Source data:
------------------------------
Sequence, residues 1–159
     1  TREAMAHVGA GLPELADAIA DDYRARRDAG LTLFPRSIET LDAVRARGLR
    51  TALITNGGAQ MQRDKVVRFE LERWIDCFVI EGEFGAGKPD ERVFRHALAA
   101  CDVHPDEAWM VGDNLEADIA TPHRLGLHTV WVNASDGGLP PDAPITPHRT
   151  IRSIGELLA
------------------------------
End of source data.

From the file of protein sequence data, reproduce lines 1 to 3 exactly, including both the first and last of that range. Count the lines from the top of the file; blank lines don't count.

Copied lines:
Sequence, residues 1–159
     1  TREAMAHVGA GLPELADAIA DDYRARRDAG LTLFPRSIET LDAVRARGLR
    51  TALITNGGAQ MQRDKVVRFE LERWIDCFVI EGEFGAGKPD ERVFRHALAA